There is a tree which these days is being discussed way more than any other single stemmed woody organisms in the city. The tree, though is drought hardy, but is getting into conversations for bad reasons and is perhaps the most cursed trees in the Jaipur gardens. Considered dreadful by Asthama and allergy patients, this tree is been commonly recognized by its fruit which in colloquial language is termed as “Bandar ki roti”.
This tree that we are talking about is perhaps, the tallest native tree of Jaipur. It is the Kanju or Indian elm or Chilbil or Chudail papdi.
It is a large deciduous tree with greyish bark and flat, paper like biscuit colored fruits. These fruits used to be all around us when I was a kid. It would be interesting to know somebody who has lived in the city and who has not seen this tree or its fruit.
The leaves of Kanju are quite uncomplicated. These are those quintessential leaves that I once thought are the only leaves possible and are what I use to draw in the landscapes during our school drawing classes. Perhaps, the only difference is that these leaves are a little more rounded and have a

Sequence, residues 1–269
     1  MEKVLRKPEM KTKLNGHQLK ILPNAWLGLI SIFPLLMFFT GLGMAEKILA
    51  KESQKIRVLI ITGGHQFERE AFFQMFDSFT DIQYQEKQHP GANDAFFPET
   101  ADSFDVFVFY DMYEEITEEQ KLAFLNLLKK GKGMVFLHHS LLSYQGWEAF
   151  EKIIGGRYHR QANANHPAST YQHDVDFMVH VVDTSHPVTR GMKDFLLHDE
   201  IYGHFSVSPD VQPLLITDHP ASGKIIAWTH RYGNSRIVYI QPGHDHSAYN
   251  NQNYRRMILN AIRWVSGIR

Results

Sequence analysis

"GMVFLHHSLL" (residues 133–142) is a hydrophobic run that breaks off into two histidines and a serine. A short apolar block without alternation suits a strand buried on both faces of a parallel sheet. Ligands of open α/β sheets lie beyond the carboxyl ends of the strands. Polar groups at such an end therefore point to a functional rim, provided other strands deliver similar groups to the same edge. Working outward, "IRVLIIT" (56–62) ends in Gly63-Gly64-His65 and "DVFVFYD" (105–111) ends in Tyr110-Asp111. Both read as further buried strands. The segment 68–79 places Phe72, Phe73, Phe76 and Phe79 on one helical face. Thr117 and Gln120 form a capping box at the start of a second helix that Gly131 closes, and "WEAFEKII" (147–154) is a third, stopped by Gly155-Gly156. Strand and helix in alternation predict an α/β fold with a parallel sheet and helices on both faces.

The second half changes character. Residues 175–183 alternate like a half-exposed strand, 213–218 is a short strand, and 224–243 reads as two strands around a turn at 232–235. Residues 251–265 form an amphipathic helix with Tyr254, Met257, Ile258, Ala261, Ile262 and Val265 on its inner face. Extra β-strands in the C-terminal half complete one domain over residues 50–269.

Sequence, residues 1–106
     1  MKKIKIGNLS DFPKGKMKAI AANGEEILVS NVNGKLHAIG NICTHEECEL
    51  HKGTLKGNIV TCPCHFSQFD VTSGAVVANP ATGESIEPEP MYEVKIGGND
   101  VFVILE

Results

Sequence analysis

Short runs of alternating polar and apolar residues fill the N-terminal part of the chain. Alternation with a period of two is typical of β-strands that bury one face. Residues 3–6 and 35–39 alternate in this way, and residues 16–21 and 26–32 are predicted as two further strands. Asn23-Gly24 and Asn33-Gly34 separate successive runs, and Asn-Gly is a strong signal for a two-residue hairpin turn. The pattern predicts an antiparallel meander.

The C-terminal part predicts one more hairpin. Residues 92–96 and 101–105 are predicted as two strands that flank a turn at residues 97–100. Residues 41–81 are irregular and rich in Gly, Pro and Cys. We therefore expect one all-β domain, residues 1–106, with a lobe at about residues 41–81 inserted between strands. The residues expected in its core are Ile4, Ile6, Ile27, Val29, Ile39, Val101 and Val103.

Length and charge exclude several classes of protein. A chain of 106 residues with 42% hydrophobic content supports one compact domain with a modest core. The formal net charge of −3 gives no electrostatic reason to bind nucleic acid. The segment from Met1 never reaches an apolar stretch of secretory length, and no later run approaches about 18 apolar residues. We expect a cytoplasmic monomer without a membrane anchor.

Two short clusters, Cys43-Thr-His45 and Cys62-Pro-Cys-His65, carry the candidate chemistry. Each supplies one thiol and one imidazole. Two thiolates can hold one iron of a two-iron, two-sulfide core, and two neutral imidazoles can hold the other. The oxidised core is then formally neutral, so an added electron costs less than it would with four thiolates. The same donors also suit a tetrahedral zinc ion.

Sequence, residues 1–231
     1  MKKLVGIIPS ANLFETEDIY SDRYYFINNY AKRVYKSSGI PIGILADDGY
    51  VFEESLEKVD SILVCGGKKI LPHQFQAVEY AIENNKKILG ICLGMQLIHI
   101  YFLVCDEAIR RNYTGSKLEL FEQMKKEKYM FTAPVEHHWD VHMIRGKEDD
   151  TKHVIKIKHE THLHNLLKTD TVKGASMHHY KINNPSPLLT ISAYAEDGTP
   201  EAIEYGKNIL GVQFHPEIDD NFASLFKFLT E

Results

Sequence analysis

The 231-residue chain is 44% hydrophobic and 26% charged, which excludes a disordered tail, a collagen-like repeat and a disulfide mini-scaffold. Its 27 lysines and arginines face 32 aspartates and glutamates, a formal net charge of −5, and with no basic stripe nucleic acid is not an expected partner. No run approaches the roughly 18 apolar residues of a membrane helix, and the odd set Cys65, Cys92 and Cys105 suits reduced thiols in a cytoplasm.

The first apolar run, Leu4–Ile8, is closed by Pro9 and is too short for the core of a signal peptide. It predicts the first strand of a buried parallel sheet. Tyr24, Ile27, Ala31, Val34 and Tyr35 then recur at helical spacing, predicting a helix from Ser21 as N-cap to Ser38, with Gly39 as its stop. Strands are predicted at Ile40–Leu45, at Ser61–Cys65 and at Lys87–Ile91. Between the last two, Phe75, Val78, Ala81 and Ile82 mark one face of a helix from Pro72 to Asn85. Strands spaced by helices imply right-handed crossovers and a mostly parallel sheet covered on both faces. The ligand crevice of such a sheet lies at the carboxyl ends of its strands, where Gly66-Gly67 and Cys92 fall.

The bark however is something that stands out for me. Unlike the usual dark brown, blackish babool/Neem like bark, this is fairer and smoother. Internet and books from VSSS library tells me that older trees have chapped and rough barks. I am yet to notice an older tree for reasons known to all of us. Nevertheless, I would urge you to notice the brown dots running all along the bark in vertical straight lines. I can’t help but wonder what the bark would have looked like without these dots.
The most popular element of this tree is its fruit which is feather light and papery in texture with a seed inside it. To me, the feather light fruit of the tree seems like nature’s way of keeping the new tree adequately distant from its mother tree or else these large wonders of nature might compete with each other for resources.
Kanju is a wonder tree that can survive even with 50 cm of annual rainfall and can reach up to 25 meters. For desert dwellers, trees like Kanju are harbingers of hope; golden green amidst the grays and browns.
For those who are allergic to it, it might not harm to understand how our immune systems work. More and more people are becoming allergic to pollens is because their immune systems have never got an opportunity to learn the difference between the dangerous pathogens and harmless pollens. All thanks to the modern hygiene and our indoor lifestyles. One needs to understand that It is not the Connect with pollens but the Disconnect with nature.